Production Inkjet Printing: Ready for Prime-Time for Commercial, Package Printers?
After a printer has expended $2 million on an inkjet press, the investments are only just the beginning, according to Boer. "You probably have to sink another million or two into setting up a good workflow/software system, to be able to harness that nicely relevant data," he says. "Then, you have to change the sales process; gain more trust from your customers because you're handling their most sensitive data. It's really a journey where all the players in the ecosystem, ranging from the printer vendor to the guy that supplies relevant data, have to become more trusting with each other and experiment on some things."
Production inkjet has fast become the book printing sector's best friend. The popular notion, a misconception, is that the printing of books is attritioning due to the emergence of e-books, when in reality the electronic tome only accounts for 20 percent to 30 percent of publisher revenue. It is the long-run offset jobs that are actually taking a beating. Many of the larger U.S. book printers have invested heavily in high-speed inkjet presses.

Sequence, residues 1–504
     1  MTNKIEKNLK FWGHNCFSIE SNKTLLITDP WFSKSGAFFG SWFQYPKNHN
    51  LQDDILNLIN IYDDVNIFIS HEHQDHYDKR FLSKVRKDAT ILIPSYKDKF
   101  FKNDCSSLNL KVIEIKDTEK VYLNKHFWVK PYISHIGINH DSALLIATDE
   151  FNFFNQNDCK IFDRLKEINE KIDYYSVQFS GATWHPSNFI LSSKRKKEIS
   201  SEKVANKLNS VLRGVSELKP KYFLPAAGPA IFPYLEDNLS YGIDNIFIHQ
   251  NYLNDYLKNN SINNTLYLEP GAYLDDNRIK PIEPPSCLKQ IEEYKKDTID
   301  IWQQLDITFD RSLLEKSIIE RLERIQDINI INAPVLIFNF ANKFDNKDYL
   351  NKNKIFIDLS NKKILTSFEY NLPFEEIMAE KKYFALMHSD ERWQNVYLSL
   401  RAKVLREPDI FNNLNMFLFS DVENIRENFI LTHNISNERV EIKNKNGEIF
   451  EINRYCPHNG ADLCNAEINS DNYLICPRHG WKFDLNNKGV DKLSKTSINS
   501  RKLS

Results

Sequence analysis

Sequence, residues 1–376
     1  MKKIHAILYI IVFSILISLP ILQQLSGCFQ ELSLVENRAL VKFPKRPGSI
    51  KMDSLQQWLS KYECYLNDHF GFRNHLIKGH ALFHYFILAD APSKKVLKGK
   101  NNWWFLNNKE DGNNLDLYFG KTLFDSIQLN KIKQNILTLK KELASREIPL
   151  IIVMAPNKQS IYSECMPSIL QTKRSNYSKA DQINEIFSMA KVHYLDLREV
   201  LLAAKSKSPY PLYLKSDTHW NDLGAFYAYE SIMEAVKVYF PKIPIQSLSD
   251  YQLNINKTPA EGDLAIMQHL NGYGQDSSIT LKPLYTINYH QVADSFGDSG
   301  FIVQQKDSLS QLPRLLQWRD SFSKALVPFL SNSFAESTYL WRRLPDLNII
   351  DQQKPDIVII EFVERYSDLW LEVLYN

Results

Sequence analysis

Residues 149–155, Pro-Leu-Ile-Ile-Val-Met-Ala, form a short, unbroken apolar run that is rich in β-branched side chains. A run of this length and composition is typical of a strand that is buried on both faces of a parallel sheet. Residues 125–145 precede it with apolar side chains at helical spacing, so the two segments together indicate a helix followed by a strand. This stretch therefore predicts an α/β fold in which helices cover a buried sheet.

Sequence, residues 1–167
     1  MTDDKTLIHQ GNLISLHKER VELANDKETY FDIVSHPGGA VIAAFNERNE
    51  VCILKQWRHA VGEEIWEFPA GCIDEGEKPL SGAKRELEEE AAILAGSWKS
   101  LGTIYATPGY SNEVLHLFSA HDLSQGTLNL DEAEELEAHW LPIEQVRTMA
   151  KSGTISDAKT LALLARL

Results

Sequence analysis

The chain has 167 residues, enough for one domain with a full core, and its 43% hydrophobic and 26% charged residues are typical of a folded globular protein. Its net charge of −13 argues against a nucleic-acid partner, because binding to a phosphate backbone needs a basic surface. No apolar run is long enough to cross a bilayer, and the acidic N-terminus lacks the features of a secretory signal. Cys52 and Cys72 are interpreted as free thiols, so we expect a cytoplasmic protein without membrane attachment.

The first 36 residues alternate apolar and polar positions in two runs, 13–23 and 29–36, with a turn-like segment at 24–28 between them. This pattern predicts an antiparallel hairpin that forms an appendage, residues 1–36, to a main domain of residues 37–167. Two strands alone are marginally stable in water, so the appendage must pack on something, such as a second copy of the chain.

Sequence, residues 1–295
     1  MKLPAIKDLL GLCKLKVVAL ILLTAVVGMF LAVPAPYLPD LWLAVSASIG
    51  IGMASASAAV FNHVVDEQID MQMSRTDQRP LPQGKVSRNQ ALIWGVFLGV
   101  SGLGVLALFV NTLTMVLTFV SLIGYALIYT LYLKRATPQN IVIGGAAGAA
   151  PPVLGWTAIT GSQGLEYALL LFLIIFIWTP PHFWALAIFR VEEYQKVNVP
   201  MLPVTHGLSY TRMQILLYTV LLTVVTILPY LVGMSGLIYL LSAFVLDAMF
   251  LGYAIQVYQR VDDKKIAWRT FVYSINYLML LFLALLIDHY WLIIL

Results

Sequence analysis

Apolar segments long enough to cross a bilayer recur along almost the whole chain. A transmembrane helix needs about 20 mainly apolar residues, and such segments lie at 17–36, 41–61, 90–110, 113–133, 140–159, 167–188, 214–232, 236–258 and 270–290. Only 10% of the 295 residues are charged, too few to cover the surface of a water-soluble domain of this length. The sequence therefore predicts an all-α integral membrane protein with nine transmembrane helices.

Self-publishing is a driver of the short-run market, fueled by the retiring baby boomer generation, Boer says. Their hard copy run lengths number in the 200 to 300 range, which is in the production inkjet wheelhouse. It has also spawned a small group of non-traditional book manufacturers addressing the short-run needs of self-publishers. Sheetfed inkjet is the prime candidate to take care of a print run of a scant few copies.
Volume is the name of the game, and I.T. Strategies' research indicates that five million pages per month is the tipping point for production inkjet justification. From the book perspective, filling capacity can be hit and miss for seasonal work like educational printing, which goes dry during the first quarter of the calendar year.